Thursday, January 31, 2008

This week's Sabbath School lesson: the call to women

After Jesus was anointed by the woman at Simon's house, he "traveled about from one town and village to another, proclaiming the good news of the kingdom of God. The Twelve were with him, and also some women who had been cured of evil spirits and diseases: Mary (called Magdalene)from whom seven demons had come out; Joanna the wife of Cuza, the manager of Herod's household; Susanna; and many others. These women were helping to support them out of their own means" (Luke 8:1-3, NIV).
We often picture Christ's disciples as a kind of spiritual Marine Corps -- as a lean, tough, band of twelve superheroes who bravely followed Jesus into the jaws of death.

In reality, Christ's followers probably looked like a meeting of your local PTA. If the Last Supper was a Passover Seder, for instance, then women and children were present; that's because it would have been unthinkable for the disciples to celebrate this festival without their families.

Likewise, passages such as Luke 8:1ff and Mark 15:40f indicate that women were not marginal to Christ's ministry -- in fact, they paid the bills!

And when all the other disciples had fled, who remained with Jesus?
As Jesus died, "some women were watching from a distance. Among them were Mary Magdalene, Mary the mother of James the younger and of Joses, and Salome. In Galilee these women had followed him and cared for his needs. Many other women who had come up with him to Jerusalem were also there" (Mark 15:40f, NIV).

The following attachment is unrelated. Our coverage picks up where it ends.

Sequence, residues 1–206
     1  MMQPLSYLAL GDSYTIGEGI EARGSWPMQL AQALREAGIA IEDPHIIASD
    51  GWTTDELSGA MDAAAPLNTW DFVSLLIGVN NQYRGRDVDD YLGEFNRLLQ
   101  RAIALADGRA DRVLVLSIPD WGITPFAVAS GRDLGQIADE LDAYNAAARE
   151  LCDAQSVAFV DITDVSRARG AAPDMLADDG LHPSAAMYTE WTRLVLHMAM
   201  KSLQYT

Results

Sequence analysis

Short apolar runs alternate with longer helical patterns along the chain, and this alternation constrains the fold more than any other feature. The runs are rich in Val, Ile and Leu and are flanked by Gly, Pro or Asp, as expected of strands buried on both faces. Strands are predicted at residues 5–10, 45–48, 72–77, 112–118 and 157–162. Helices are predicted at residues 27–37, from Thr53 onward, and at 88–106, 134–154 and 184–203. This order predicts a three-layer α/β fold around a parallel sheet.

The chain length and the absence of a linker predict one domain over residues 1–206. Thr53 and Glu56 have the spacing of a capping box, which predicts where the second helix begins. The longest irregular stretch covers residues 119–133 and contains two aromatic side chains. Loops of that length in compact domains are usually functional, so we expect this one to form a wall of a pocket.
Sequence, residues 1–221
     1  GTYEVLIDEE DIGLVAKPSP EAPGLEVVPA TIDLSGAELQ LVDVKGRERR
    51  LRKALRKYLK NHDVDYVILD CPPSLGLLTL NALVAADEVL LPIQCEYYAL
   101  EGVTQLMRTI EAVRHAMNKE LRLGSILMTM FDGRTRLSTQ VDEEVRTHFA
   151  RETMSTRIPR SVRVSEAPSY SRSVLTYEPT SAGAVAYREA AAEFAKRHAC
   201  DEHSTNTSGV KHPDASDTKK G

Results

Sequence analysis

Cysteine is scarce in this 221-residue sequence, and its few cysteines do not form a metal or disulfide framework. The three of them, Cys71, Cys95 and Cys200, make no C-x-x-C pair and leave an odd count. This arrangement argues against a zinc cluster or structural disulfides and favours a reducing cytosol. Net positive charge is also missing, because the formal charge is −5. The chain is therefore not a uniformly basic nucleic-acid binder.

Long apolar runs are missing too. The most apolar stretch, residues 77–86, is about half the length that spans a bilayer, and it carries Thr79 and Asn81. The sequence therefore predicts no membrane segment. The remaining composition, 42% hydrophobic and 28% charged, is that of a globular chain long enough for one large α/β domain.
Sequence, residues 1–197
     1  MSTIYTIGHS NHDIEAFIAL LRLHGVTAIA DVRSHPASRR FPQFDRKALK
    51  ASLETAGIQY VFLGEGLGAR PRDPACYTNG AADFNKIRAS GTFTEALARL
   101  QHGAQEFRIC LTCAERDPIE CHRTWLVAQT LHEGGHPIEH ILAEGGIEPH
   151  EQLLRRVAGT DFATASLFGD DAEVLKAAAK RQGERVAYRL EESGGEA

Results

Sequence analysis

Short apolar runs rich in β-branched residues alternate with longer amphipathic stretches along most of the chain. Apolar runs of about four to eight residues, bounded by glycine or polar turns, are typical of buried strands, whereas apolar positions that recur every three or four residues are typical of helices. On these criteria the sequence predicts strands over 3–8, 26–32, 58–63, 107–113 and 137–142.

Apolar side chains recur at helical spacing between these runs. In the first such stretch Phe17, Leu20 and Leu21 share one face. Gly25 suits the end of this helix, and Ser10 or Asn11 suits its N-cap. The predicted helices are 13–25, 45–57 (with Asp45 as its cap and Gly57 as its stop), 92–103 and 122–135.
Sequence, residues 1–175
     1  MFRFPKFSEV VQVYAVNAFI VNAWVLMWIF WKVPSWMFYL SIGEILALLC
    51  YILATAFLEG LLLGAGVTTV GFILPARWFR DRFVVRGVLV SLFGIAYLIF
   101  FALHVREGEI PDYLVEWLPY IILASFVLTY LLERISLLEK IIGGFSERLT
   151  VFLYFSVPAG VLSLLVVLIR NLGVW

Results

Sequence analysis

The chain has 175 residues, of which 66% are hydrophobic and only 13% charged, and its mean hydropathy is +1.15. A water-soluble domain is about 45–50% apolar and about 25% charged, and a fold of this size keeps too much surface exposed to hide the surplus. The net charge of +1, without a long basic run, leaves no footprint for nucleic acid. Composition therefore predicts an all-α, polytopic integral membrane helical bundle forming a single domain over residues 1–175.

It's no wonder that Christianity proved to be so popular with women -- in fact, church historian Philip Jenkins calls it "the world's first feminist religion." As Christians, after all:
  • women gained some protection in a society that sanctioned female infanticide and divorce-at-will by men.
  • women were allowed to lead out in churches (cf. Phoebe and Junia in Romans 16).
  • And at a time when philosophers debated whether or not women had rational souls -- a time when Jewish men thanked God in their daily prayers that they had not been born a slave, a Gentile, or a woman . . .
No, even in times like those, they had a Savior who welcomed women and counted them among his closest followers.

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